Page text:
For the Love of Chevre

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The first goat cheese I ever tasted was from Napa Valley-based cheese maker Laura Chenel back in the ’70s.  It was love at first bite.  Back then, goat cheese was not available at almost every grocery store as it is now.  Since then I have learned that there are categories of goat cheese such as soft-fresh, semisoft, surface-ripened, and hard-aged.  The soft-fresh is anywhere from a few days to up to two weeks old, with a spreadable and somewhat creamy texture, although not quite as smooth as cream cheese. The surface can be plain or covered in herbs, and sold as logs, small tubs, pyramids, cylinders, or disks. The semisoft are fresh but not spreadable.  These tend to be dense and cuttable and have a mild but not bland flavor.  The surface-ripened are typically defined by a velvety exterior of bloom that is usually white and wrinkled.  They should be served at room temperature so that the textures soften and their full flavor is allowed to come forth.  Sometimes the surface-ripened are preserved by storing in olive oil or wrapped in grape or chestnut leaves to age.  The hard-aged are strong and pungent, and dry and dense, being both firm and cuttable.  There are as many kinds of goat cheese as there are ways to serve it.  Goat cheeses are extremely versatile in cooking, especially the soft-fresh types which mix well with other ingredients.  Surface-ripened tend to be less flexible in cooking.  Because goats’ milk is lower in fat than cows’ milk, it produces cheeses that are lighter in texture.  As a result, when cooking with goat cheese, the finished dishes will not have a heavy oiliness that is associated with many of the cows’ milk cheese.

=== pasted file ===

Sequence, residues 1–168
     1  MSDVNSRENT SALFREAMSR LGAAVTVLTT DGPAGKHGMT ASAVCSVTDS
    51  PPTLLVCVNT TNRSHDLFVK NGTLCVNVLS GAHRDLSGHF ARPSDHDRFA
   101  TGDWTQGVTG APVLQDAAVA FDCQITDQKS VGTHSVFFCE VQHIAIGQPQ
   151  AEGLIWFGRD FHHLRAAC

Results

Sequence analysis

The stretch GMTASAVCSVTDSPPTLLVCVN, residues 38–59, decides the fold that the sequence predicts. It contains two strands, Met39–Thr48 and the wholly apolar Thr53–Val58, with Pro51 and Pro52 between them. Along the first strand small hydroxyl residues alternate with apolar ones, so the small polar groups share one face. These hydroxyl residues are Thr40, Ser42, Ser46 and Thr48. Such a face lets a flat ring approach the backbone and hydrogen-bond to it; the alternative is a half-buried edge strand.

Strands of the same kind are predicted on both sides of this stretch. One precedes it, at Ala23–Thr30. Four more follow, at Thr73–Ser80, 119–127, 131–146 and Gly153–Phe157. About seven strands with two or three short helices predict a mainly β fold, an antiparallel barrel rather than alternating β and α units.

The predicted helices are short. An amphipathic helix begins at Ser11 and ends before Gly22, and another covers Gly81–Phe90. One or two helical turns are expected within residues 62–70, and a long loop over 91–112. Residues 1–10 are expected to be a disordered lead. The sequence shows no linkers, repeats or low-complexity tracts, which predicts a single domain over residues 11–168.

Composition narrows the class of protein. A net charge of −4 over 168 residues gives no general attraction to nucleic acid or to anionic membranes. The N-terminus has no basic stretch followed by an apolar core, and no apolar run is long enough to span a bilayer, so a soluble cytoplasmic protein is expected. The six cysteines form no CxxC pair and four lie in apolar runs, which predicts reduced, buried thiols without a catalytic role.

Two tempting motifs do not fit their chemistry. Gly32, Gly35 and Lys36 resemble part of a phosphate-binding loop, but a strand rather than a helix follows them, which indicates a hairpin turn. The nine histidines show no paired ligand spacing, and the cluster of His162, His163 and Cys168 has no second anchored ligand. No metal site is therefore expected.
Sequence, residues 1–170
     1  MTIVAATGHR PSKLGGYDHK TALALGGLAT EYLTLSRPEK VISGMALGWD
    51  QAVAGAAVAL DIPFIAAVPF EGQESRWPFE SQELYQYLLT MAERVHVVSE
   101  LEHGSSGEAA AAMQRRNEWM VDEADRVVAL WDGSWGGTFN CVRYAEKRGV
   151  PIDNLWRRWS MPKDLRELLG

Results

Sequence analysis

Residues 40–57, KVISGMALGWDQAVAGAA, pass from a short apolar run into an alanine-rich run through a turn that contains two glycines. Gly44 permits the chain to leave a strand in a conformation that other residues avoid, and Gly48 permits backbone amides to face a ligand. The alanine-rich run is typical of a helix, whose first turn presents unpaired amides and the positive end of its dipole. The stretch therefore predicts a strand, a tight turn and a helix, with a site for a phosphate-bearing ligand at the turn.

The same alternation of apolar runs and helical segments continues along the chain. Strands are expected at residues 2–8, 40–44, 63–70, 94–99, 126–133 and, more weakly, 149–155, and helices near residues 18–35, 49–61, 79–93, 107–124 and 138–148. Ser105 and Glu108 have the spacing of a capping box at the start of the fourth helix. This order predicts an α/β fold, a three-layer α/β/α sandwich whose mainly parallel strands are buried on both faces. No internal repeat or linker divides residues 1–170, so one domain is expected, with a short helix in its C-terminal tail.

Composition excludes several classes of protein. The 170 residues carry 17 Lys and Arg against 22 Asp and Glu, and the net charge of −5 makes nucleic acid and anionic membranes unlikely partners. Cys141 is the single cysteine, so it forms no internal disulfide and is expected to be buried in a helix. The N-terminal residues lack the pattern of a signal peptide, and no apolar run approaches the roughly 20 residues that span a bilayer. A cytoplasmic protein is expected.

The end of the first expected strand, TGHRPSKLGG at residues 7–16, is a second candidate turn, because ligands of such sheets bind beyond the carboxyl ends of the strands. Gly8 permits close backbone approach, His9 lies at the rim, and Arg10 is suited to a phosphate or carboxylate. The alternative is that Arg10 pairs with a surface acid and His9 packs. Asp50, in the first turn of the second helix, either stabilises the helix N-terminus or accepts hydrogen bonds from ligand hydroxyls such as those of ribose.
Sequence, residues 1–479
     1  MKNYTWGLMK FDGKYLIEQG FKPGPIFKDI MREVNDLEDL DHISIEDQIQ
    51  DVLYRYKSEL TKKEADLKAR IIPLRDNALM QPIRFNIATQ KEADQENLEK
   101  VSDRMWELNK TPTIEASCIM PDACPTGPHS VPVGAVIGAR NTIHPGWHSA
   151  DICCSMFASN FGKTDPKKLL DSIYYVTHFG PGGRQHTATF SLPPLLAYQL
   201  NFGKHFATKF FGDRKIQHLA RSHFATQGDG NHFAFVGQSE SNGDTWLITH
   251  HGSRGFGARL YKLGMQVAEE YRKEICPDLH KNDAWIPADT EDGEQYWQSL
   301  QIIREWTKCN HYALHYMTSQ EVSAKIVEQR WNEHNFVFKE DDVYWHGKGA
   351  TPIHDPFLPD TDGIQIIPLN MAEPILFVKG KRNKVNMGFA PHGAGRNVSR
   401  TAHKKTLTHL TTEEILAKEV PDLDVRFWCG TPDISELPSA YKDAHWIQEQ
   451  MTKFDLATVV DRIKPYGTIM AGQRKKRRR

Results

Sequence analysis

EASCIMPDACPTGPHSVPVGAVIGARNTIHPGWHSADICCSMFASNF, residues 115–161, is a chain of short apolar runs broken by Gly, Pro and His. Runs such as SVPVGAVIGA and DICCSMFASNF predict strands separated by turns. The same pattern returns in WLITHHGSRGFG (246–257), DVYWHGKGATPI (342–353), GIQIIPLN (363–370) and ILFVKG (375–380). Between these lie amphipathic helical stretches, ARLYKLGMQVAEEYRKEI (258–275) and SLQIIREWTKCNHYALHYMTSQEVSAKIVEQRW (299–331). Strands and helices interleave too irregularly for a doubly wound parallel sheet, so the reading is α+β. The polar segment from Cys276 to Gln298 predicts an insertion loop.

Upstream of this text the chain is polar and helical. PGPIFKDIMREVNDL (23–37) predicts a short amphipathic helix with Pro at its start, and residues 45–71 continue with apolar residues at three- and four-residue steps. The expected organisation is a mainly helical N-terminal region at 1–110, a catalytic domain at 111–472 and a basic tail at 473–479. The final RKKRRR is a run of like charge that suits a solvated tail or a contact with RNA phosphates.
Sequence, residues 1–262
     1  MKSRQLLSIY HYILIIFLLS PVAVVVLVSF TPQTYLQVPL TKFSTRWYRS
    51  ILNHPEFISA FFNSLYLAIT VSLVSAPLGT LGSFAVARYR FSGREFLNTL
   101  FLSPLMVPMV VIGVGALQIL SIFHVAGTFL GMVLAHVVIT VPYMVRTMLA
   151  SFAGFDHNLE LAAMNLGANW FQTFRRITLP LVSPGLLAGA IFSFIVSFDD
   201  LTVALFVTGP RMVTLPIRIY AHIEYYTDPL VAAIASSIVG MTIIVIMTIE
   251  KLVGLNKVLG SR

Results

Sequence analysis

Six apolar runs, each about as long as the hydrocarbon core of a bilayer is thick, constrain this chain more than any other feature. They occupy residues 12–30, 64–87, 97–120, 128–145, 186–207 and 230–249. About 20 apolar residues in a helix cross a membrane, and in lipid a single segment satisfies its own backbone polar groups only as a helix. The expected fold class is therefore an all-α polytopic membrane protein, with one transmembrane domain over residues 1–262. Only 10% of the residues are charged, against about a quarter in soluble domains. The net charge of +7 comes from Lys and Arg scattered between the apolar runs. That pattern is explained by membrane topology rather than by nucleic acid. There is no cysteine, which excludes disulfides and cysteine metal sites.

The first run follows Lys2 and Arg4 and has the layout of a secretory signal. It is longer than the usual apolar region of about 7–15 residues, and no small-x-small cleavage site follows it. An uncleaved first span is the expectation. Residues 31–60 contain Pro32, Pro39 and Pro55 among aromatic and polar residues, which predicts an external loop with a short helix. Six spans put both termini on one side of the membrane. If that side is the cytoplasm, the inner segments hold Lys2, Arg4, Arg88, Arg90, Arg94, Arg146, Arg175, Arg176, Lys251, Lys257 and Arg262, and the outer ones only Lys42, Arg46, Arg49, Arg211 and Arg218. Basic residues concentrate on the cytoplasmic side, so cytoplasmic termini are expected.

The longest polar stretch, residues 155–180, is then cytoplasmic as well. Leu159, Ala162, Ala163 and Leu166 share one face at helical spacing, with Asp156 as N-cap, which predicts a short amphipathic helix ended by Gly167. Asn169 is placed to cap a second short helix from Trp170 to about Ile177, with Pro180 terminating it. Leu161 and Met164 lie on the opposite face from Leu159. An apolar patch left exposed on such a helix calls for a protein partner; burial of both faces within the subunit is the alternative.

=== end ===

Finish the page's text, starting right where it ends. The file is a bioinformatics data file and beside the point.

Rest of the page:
The cookbook has a variety of ways to serve and cook each of the categories of goats’ cheese from simple to elegant.  Topping a pizza with goat cheese is very California-inspired.  There is a great pizza in the book with a homemade crust topped with tomatoes, bay scallops,  fresh basil, and a soft-fresh goat cheese;  and a buttery-crust galette with wild mushrooms and a goats’ milk feta.   Goat cheese is wonderful on salads with fruits such as pears.  A soft-fresh goat cheese is heavenly mixed with creme fraiche and served with fruit preserves such as plum. 
It is said that a goat cheese made in the old Roman province of Provence was so rich and strong, and so loved by the unsuspecting Emperor Antononius Pius, that he overindulged and subsequently died from his gluttony.  Don’t go that far, but there are some pretty great recipes to try in this cookbook.

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